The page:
About Lead

Lead is a poisonous metal that was used in building construction and in the making of household paints prior to 1978. Most homes built before 1950 have lead paint. After 1950, the use of lead in paint declined; but many homes built until 1978 still had some lead paint. Even though its use was banned, lead still remains a hazard in many places. When something with lead in it starts to deteriorate, it becomes dust, which is poisonous if you breathe it or eat it.

Where is lead found?

Lead can be found on painted surfaces inside and outside the home. Lead is usually found on:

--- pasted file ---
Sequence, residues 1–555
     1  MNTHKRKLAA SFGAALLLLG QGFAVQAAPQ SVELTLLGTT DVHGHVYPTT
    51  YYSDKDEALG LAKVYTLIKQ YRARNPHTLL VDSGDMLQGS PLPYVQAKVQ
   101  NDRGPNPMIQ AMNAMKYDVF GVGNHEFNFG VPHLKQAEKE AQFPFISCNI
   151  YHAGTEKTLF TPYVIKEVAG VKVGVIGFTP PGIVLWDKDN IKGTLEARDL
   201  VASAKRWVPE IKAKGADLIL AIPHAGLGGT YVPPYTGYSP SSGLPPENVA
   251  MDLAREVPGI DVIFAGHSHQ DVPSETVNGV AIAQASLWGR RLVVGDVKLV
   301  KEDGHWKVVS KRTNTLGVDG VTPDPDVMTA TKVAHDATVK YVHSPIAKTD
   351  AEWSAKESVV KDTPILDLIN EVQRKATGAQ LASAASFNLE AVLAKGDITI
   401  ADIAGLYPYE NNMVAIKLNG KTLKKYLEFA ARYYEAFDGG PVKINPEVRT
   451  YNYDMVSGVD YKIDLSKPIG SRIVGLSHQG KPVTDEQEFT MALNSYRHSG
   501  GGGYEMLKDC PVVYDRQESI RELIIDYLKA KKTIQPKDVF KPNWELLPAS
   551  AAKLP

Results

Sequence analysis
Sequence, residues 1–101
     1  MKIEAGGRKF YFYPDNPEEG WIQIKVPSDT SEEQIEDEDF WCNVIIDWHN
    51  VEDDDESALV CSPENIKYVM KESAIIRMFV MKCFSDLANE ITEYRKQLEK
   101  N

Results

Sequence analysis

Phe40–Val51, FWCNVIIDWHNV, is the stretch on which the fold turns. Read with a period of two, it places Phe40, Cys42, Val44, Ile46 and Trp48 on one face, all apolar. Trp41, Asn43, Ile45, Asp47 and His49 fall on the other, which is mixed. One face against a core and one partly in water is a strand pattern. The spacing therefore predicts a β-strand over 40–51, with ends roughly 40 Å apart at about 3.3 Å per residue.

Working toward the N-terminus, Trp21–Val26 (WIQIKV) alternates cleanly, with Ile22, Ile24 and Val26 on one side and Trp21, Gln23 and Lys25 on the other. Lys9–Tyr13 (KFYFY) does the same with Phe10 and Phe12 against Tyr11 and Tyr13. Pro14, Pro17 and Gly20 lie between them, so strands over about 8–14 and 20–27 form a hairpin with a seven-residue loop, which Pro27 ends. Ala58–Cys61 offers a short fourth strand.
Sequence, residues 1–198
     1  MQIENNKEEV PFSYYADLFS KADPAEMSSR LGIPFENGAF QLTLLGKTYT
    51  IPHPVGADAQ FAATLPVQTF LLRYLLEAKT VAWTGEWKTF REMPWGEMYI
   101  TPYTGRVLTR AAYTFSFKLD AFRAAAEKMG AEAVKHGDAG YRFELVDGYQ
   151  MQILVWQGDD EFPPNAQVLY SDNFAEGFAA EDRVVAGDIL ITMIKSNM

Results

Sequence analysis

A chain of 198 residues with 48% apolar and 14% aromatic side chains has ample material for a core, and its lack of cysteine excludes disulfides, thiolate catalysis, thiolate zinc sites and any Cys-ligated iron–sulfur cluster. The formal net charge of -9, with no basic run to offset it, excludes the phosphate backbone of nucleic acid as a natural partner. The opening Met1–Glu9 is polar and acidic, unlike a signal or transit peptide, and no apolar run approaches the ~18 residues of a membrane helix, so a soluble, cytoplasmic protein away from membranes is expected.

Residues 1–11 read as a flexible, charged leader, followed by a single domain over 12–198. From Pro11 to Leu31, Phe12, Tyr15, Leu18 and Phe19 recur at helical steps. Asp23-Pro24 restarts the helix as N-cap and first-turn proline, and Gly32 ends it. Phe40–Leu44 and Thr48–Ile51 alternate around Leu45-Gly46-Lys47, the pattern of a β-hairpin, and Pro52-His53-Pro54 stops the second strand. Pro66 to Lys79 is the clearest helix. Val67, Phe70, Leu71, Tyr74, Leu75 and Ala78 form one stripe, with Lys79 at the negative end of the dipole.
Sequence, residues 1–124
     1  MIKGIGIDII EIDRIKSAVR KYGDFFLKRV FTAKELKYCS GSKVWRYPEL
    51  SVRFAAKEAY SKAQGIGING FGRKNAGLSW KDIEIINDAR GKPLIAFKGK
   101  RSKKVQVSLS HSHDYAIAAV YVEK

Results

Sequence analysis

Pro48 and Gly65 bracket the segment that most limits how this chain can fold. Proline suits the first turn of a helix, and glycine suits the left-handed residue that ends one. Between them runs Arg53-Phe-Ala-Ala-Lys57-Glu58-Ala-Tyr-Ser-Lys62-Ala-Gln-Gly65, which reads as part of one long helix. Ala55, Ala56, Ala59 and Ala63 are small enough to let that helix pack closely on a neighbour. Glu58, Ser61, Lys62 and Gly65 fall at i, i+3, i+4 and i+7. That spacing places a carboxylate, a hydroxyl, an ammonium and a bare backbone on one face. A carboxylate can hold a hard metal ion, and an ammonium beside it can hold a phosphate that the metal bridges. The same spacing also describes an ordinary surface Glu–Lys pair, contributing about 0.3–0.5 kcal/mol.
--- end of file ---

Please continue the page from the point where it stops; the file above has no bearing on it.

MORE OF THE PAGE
• Window sills
  • Window frames
  • Door Frames
  • Door jambs
  • Railings
  • Steps
  • Soil

Lead Can Also Be Found In:

  • Jewelry
  • Toys
  • Batteries
  • Crystal
  • Ceramics (pottery)
  • Cosmetics

Who is most at risk for lead poisoning?

  • Children (1-6 years of age)
  • Pregnant women
  • Unborn Fetuses

What are the Symptoms of Lead Poisoning?

  • Fatigue
  • Weight loss
  • Abdominal Cramps
  • Muscle Weakness
  • Headaches
  • Loss of appetite

What Are the Effects of Lead Poisoning?

Lead poisoning can cause:

  • Learning Disabilities
  • Severe Brain Damage
  • Memory Loss
  • Hearing Impairment
  • Stunted Growth
  • Hyperactivity
  • Hypertension
  • Kidney Damage
  • Seizures
  • Coma/Death